Slow offensive day, short Louie Varland start doom Twins in loss

3 April 2024

MILWAUKEE — Byron Buxton reached out and got ahold of a pitch slightly outside the zone, taking it out to center. The ball, hit to center at 101.3 miles per hour off the bat, was tailing away from outfielder Sal Frelick, who eventually caught up to it and settled underneath it.

Innings later, in the eighth, he lined a ball to third that Oliver Dunn dove for and came down with, making a nice play to keep Buxton off the bases.

It was that kind of day for Buxton and the Twins’ offense — which hit some balls well, though not enough, and couldn’t get much to find grass — in their 3-2 loss to the Milwaukee Brewers on Tuesday afternoon at American Family Field.

“Just to be able to square some balls up, eventually they are going to start falling,” Buxton said. “It’s just one of those things where I don’t want to change anything. Everybody is getting in and working through some things. Just keep swinging the bat and eventually thing will start falling.”

Buxton did finish with one hit, one of just three on the day for the Twins, who collected just four in their last game on Sunday.

The Twins (2-2) had a couple of opportunities but were unable to fully capitalize on either, scoring both of their runs on sacrifice flies (Matt Wallner hit one in the fourth and Christian Vázquez another in the sixth).

“We needed to do more offensively,” manager Rocco Baldelli said. “When we do hit the ball on the barrel, we want to get something out of it. Overall, I think we could have had better at-bats.”

Though the score was close, the Twins never led, falling behind in the second inning when starter Louie Varland ran into trouble and allowed four straight singles.

The fourth single, from Brewers rookie Jackson Chourio, brought home a run, but Varland then worked his way out of the inning, getting an out at home and striking out William Contreras to minimize the damage.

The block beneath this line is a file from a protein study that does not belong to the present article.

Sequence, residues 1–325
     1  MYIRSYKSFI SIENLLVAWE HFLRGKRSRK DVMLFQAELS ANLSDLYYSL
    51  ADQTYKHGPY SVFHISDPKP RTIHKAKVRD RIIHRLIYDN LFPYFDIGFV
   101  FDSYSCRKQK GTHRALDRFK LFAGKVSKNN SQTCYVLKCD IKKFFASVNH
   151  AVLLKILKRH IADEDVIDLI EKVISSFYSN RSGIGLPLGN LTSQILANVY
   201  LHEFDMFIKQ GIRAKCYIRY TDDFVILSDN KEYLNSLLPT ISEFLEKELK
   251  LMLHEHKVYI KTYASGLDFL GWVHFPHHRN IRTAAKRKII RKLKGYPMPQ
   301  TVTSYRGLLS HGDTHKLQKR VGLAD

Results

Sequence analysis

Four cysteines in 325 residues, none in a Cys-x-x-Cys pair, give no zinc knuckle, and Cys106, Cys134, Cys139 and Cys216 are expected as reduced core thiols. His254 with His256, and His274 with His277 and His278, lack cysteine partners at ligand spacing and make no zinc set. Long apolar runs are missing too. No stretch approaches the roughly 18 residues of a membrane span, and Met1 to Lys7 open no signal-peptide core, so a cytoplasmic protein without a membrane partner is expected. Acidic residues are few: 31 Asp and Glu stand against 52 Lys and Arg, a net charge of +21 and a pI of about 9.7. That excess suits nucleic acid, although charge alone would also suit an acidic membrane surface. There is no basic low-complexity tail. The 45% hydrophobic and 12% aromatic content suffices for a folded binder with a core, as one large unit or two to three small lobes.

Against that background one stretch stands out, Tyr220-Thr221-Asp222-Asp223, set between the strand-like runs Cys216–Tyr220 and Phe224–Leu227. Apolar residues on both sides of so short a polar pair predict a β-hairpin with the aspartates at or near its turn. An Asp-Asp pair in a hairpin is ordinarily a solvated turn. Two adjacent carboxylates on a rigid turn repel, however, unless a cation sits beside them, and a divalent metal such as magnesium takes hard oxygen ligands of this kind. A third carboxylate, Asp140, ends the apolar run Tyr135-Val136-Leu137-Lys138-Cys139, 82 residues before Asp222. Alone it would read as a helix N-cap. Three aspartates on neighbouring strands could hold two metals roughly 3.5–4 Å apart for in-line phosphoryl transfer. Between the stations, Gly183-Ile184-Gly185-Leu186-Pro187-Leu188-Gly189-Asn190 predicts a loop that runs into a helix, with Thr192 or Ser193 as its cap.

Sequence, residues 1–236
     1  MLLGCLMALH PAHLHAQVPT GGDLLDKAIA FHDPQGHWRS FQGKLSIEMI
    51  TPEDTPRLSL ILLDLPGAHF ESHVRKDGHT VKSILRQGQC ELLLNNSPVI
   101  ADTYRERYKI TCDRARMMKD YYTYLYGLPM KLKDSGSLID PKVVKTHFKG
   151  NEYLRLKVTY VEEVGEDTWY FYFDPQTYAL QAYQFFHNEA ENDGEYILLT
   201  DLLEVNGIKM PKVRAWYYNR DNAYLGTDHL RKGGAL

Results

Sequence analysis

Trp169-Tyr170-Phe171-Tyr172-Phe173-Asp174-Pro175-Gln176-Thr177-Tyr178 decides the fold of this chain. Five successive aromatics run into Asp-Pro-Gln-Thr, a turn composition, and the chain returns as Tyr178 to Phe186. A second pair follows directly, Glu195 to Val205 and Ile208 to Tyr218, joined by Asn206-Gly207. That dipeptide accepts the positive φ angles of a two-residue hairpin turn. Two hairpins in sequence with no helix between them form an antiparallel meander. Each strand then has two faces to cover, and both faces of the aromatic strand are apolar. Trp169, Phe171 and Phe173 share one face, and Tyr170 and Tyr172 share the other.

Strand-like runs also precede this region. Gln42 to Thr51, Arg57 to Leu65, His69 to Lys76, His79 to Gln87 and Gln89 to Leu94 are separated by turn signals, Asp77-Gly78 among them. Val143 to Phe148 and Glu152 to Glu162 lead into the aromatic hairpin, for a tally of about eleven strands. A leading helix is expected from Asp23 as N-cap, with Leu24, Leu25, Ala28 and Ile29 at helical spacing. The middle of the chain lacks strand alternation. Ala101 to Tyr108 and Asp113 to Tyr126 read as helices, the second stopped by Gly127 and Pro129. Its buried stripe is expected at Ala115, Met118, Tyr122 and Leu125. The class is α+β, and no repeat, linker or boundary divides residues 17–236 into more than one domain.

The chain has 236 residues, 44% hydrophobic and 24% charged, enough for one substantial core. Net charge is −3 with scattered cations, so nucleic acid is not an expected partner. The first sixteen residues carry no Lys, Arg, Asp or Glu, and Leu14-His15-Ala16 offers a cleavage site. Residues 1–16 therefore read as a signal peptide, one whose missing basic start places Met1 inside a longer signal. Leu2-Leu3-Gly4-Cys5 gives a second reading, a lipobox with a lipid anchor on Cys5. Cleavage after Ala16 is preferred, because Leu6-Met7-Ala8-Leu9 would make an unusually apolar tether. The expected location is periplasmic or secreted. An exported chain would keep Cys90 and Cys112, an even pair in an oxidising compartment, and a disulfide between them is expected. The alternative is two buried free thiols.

“There’s a lot of soft contact singles at one point. The odds are in my favor when those happen,” Varland said. “It just so happened they fell through.”

He got into trouble an inning later, leaving a fastball over the heart of the plate that Christian Yelich crushed. Two outs later, a hit batsman, walk and double produced the third run of the game for the Brewers (4-0).

Varland’s fourth inning was his best — at that point, he adjusted his plan, throwing fewer fastballs and more offspeed pitches — but the lengthy second and third innings spelled an early end to his day. It took him 89 pitches to get through four frames.

“I think he had to really grind through the performance today,” Baldelli said. “I don’t think he was at his sharpest today, but he gave us everything he had, and I think he’s going to be looking to give us a little more the next time out.”

And so will the offense.

“It’s more going and playing our game,” Buxton said. “Don’t try to go out there and try to do too much. It’s still early. Don’t panic. Things are going to start clicking. When they do, it’s kind of like that hold on (to the) ride.”

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